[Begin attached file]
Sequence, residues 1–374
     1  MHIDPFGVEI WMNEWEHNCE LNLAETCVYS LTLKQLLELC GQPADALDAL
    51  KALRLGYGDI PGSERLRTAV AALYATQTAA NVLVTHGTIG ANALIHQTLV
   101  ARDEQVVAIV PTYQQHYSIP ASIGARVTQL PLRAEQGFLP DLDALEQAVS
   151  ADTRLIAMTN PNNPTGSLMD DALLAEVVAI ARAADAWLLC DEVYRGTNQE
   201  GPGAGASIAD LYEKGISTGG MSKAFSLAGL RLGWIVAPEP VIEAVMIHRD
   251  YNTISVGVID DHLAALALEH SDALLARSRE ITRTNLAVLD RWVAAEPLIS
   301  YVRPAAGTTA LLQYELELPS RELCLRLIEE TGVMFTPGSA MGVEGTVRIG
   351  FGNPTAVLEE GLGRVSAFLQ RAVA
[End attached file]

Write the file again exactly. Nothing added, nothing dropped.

Sequence, residues 1–374
     1  MHIDPFGVEI WMNEWEHNCE LNLAETCVYS LTLKQLLELC GQPADALDAL
    51  KALRLGYGDI PGSERLRTAV AALYATQTAA NVLVTHGTIG ANALIHQTLV
   101  ARDEQVVAIV PTYQQHYSIP ASIGARVTQL PLRAEQGFLP DLDALEQAVS
   151  ADTRLIAMTN PNNPTGSLMD DALLAEVVAI ARAADAWLLC DEVYRGTNQE
   201  GPGAGASIAD LYEKGISTGG MSKAFSLAGL RLGWIVAPEP VIEAVMIHRD
   251  YNTISVGVID DHLAALALEH SDALLARSRE ITRTNLAVLD RWVAAEPLIS
   301  YVRPAAGTTA LLQYELELPS RELCLRLIEE TGVMFTPGSA MGVEGTVRIG
   351  FGNPTAVLEE GLGRVSAFLQ RAVA